The Tax System and Economic
Development in Japan
My aim in this chapter is to describe the main features of the Japanese tax system prior to the 1930s, given that its features were quite different from those of Asian countries that developed more recently, and to discuss those elements in the tax system that contributed favorably to Japan's economic development. I will also examine tax incentives in the postwar years from an industrial policy viewpoint.
The method of analyzing the tax system of Japan used in this chapter is probably different from any of the conventional ones in that it does not emphasize the dual-economy argument or adopt the usual arguments for protecting infant industries. Even though I do not deny the validity of these conventional arguments, I hope that the analytical approach used here enhances or supplements the explanations offered by the more conventional approaches.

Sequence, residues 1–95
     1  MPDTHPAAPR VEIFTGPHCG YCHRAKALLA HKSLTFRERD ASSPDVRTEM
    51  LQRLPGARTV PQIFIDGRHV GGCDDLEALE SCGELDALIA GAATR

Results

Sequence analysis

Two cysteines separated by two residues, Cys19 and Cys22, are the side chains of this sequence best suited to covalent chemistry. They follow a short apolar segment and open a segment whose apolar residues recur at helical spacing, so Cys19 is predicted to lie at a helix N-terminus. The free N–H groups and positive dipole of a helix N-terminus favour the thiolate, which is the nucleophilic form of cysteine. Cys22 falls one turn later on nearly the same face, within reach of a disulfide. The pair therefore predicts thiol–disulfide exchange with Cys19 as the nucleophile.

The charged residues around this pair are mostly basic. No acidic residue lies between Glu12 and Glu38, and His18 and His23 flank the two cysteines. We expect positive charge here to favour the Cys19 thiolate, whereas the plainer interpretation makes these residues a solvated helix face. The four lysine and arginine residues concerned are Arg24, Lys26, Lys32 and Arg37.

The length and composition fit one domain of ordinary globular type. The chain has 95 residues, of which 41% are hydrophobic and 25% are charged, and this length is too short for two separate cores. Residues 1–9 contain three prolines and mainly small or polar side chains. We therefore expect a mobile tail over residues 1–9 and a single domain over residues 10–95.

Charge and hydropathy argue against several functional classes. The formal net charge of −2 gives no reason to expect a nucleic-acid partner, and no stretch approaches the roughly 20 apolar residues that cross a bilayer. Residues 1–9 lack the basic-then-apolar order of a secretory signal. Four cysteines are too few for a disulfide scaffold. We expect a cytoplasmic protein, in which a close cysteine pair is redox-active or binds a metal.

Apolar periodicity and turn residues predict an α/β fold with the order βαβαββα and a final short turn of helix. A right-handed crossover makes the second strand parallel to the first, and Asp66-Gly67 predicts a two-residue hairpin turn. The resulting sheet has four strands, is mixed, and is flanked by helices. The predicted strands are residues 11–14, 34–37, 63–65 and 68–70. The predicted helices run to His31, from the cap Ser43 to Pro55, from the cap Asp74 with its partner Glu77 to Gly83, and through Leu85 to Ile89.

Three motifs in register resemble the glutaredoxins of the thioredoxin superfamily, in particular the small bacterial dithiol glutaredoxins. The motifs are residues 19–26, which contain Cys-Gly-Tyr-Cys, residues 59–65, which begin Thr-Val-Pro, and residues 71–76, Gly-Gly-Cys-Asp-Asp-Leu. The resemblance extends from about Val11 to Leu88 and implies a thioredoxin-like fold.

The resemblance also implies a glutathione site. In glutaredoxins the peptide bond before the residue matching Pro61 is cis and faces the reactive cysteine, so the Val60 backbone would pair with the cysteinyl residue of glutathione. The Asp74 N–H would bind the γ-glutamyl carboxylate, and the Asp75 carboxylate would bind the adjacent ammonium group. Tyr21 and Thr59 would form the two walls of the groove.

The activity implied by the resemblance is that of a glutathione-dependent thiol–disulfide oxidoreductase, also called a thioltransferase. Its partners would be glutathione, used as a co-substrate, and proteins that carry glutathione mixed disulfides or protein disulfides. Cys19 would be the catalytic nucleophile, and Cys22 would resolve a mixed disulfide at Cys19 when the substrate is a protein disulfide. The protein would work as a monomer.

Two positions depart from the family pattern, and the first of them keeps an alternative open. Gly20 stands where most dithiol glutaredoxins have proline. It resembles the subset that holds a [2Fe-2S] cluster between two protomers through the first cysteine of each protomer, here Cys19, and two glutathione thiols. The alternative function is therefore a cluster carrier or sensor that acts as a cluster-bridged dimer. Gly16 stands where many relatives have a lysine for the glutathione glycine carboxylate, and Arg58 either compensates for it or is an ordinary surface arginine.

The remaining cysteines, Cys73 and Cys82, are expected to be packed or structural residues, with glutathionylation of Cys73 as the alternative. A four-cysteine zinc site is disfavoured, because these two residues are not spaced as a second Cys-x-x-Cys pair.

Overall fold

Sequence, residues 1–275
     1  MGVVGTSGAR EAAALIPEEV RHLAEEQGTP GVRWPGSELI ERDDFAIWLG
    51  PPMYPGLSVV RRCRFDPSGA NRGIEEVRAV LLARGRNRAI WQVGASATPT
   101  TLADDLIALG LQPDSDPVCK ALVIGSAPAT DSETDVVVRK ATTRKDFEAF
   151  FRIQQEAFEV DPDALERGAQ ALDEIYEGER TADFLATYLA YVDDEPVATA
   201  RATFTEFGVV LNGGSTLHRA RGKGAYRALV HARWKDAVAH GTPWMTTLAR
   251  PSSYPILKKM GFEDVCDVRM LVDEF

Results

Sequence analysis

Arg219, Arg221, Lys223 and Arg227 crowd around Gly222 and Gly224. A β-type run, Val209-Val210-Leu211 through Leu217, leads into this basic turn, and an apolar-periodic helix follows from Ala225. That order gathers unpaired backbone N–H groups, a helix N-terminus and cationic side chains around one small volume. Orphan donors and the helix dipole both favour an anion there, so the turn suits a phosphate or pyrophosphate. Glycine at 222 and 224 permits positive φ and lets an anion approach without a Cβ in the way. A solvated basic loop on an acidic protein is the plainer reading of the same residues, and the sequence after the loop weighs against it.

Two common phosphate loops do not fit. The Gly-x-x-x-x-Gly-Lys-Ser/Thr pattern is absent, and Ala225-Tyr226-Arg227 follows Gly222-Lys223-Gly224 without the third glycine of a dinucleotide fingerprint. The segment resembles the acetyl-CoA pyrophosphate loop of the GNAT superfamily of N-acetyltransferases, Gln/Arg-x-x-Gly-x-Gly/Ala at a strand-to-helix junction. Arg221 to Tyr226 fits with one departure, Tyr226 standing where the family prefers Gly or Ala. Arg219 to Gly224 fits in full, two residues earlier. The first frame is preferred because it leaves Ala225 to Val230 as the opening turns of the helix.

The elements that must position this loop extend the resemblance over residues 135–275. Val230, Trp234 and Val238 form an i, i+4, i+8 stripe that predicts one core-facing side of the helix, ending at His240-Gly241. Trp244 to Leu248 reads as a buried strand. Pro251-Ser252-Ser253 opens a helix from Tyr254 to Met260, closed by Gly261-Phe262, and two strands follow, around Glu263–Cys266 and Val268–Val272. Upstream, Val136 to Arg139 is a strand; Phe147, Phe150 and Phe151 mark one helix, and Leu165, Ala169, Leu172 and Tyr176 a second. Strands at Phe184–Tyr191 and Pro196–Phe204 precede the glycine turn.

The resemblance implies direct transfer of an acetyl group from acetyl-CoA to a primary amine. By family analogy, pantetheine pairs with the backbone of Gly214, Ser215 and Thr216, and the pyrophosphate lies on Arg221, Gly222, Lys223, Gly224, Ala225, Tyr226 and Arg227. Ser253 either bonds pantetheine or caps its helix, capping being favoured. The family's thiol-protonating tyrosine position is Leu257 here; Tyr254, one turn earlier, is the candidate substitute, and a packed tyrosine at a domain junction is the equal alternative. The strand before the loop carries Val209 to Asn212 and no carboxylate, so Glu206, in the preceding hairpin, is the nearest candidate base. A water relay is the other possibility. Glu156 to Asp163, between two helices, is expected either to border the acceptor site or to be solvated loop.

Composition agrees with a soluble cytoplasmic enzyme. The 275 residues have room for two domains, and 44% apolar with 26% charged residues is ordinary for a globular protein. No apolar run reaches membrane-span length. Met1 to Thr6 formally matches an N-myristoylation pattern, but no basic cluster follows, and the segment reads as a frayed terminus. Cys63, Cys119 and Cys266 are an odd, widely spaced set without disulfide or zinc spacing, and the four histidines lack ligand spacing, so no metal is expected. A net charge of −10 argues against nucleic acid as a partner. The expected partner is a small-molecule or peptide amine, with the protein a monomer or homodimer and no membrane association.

In this section, I trace the development of the Japanese tax system before World War II and point out its main characteristics during the period. The period begins in 1880, when several old-type taxes or charges were abolished, and ends when the Japanese economy began its transformation into a war economy. 1
The characteristics of the tax system can be seen by comparing the system with the normal pattern of tax-system development or another standard. There have been many arguments made to support the normal pattern of tax-system development, most notably those by Hinrichs ( 1966) and Musgrave ( 1969), and these need not be discussed in depth here. As